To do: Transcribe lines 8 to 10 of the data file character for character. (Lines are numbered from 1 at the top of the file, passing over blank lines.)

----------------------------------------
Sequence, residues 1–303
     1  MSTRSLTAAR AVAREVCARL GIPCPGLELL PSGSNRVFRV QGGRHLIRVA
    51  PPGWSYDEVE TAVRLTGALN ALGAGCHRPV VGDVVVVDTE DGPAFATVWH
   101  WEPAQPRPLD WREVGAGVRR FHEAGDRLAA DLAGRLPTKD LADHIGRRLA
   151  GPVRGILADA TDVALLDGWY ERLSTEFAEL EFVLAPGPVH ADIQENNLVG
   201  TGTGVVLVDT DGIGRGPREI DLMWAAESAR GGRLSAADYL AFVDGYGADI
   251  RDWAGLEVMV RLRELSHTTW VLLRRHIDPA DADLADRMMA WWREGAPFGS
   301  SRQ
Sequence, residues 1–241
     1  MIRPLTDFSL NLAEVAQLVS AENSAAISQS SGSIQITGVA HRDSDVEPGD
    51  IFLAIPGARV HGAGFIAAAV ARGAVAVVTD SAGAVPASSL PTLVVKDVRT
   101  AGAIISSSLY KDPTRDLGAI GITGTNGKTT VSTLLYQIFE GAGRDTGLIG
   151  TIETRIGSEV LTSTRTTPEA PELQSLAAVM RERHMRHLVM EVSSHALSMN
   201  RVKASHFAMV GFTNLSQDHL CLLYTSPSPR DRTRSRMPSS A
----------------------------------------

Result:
   301  SRQ
Sequence, residues 1–241
     1  MIRPLTDFSL NLAEVAQLVS AENSAAISQS SGSIQITGVA HRDSDVEPGD